In these news blogs, we’ve considered a Tobin tax on a number of occasions: see A Tobin tax – to be or not to be? and Tobin’s nice little earner. On 10 December 2009, the Treasury published a discussion document, Risk, reward and responsibility: the financial sector and society. This, amongst other things, considers the case for a financial transactions tax – a form of Tobin tax. As Box 4.A on page 35 states:
“James Tobin’s original proposal for a transaction tax was to tax foreign exchange transactions. The purpose of the tax was to tackle excessive exchange rate fluctuation and speculation on currency flows, as Tobin felt that short-term movements in capital flows could severely limit the ability of governments and central banks to follow appropriate domestic policies for their economies.
However, the recent crisis has shown that there is considerable risk inherent in other financial markets. In some of these markets trading volumes have also grown enormously compared to the value of underlying assets. As set out above, instability may result from these markets due to the complex nature of counterparty networks and a lack of transparency, and the transmission of financial shocks through the system.
Recent attention has therefore focused on a broader tax on financial transactions – potentially, this would include trading in a wide range of instruments, currently traded both on and off-exchange.”
The goverment in the UK has recently taken one step in increasing taxes on the financial sector. In its 2009 pre-Budget report, delivered on 9 December (see Cutting the deficit and tackling the recession. Incompatible goals?), a new tax on bank bonuses was imposed. The rate is 50% on bonuses over £25,000. Since then a similar tax has been imposed in France and Germany’s Chancellor, Angela Merkel, said that she found it a ‘charming idea’, although probably not practical under German law. She did support, however, the use of a Tobin tax on financial transactions, similar to the one being considered in the UK. Such a tax, to be effective, would ideally have to be imposed worldwide, but at least by a large number of countries.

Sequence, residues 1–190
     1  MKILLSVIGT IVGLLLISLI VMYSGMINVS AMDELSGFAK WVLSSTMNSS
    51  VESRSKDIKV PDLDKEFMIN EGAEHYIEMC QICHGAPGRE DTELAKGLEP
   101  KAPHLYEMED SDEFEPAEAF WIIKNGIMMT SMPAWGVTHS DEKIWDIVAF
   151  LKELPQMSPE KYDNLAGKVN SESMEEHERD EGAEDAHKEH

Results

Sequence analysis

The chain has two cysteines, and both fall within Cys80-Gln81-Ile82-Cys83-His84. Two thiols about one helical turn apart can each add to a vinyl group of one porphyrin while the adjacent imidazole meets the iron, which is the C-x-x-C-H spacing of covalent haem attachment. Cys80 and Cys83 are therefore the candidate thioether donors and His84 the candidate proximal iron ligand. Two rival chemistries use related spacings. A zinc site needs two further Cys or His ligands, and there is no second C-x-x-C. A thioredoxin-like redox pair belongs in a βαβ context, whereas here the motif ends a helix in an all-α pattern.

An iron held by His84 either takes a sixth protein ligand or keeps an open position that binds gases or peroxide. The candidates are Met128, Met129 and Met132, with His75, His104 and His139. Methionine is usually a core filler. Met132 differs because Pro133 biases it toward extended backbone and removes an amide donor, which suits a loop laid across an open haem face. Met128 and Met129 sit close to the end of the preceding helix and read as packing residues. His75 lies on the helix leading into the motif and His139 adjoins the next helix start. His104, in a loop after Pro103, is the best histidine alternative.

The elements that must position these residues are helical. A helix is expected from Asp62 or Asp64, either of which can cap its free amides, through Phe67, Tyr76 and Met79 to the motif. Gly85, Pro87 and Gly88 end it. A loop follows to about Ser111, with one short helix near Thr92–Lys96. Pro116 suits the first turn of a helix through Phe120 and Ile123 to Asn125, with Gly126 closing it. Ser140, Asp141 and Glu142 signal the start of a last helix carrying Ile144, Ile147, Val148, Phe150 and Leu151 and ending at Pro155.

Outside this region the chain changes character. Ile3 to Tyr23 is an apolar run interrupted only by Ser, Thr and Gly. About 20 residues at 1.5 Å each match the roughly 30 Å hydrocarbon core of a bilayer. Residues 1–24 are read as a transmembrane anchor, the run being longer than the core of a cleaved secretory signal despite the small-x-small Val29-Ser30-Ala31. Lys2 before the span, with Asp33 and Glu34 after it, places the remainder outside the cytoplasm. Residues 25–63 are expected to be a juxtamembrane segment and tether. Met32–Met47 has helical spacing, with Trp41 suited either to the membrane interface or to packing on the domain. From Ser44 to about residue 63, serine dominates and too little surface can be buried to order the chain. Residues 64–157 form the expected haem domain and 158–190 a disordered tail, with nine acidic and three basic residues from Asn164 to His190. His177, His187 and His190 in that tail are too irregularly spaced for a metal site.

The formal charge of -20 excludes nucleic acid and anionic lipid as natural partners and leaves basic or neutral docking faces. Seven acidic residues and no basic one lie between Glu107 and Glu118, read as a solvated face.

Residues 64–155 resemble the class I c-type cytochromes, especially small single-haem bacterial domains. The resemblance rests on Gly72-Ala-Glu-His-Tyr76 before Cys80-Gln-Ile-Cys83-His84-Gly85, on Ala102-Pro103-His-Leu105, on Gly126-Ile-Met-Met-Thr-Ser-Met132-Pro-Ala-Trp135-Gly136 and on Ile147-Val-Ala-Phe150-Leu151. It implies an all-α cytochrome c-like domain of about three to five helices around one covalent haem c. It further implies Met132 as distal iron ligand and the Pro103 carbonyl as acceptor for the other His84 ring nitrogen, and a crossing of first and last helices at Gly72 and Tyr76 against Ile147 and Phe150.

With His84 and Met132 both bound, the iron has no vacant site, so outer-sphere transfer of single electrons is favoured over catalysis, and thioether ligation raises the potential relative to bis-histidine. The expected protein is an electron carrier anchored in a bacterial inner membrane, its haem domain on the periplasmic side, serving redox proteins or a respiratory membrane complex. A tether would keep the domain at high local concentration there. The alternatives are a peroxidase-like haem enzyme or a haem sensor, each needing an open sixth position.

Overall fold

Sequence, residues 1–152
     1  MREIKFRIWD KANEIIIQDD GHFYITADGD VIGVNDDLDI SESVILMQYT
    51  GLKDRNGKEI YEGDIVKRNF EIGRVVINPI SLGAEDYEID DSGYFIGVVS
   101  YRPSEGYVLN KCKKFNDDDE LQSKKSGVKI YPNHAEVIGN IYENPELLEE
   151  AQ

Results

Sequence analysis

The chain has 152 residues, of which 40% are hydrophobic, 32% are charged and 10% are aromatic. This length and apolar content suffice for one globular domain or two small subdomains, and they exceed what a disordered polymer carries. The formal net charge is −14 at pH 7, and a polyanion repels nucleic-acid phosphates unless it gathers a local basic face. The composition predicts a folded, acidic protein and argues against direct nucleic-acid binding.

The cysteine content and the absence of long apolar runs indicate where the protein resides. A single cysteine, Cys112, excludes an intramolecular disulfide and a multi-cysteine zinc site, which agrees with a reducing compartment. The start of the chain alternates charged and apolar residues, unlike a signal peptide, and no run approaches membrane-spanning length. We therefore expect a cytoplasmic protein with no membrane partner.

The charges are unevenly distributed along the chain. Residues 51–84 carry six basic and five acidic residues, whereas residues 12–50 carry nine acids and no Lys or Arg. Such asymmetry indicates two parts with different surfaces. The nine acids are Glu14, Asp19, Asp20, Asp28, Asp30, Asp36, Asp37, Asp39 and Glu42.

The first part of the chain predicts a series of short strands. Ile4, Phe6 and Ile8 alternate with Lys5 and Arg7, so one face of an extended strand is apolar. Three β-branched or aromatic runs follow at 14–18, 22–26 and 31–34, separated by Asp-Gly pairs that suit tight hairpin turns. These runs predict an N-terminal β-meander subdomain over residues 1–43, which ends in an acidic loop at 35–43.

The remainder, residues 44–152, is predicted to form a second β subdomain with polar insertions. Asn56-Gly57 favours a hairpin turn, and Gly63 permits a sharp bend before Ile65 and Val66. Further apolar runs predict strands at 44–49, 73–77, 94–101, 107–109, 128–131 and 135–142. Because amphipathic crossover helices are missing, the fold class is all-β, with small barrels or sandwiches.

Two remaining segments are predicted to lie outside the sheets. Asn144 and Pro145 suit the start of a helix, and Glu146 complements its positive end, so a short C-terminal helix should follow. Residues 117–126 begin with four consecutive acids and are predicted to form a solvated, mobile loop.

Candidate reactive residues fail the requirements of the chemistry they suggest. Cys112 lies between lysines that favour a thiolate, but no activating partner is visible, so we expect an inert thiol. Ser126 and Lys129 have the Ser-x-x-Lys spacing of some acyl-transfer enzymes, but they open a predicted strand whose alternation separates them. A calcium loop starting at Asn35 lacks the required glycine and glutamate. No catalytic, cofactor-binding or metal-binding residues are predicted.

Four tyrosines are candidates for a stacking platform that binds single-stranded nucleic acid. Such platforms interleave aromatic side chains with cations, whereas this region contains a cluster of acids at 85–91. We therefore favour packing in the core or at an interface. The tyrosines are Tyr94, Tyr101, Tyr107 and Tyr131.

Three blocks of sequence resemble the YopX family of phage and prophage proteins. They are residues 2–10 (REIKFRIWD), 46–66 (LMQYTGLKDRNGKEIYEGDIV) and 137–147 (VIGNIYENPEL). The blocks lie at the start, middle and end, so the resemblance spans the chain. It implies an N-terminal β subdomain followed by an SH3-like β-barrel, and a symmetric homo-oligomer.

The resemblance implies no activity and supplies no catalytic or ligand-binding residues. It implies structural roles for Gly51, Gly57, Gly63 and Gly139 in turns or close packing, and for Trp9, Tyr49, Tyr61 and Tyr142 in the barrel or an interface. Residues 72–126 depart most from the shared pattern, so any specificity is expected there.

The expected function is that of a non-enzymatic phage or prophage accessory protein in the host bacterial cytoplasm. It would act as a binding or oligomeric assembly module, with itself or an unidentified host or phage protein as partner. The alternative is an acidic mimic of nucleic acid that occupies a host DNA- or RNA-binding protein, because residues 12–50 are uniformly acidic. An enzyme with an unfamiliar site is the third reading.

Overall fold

So is the case for a Tobin tax gathering momentum? The following video podcast considers the tax’s aims, effectiveness and practicality – as do the articles.
Radical Tobin Tax proposal could go mainstream BBC Newsnight, Paul Mason (10/12/09)
Now’s the time for a Tobin tax Guardian, George Irvin (11/12/09)
EU leaders urge IMF to consider Tobin tax Financial Times, Tony Barber and George Parker (11/12/09)
We can always get to Utopia – even from here Irish Times, Paul Gillespie (12/12/09)
HM Treasury makes case for Tobin tax City A.M., Julia Kollewe (11/12/09)
The Tobin Tax – a brief history Telegraph (8/11/09)
European Union presses IMF to consider Tobin tax Telegraph (11/12/09)
- How do current proposals for a Tobin tax differ from Tobin’s original proposals (see Sloman and Wride, Economics 7th edition, pages 756–8 or Sloman and Hinde, Economics for Business 4th edition, pages 743–5)?
- Explain how a Tobin tax could be used to reduce destabilising speculation without preventing markets moving to longer-term equilibria.
- How might the use of a Tobin tax on financial transactions help to curb some of the ‘excessive rewards’ made from financial dealing?
- Examine the advantages and disadvantages of using a Tobin tax on financial transactions. How might the disadvantages be reduced?
- What considerations would need to be taken into account in setting the rate for a Tobin tax on financial transactions?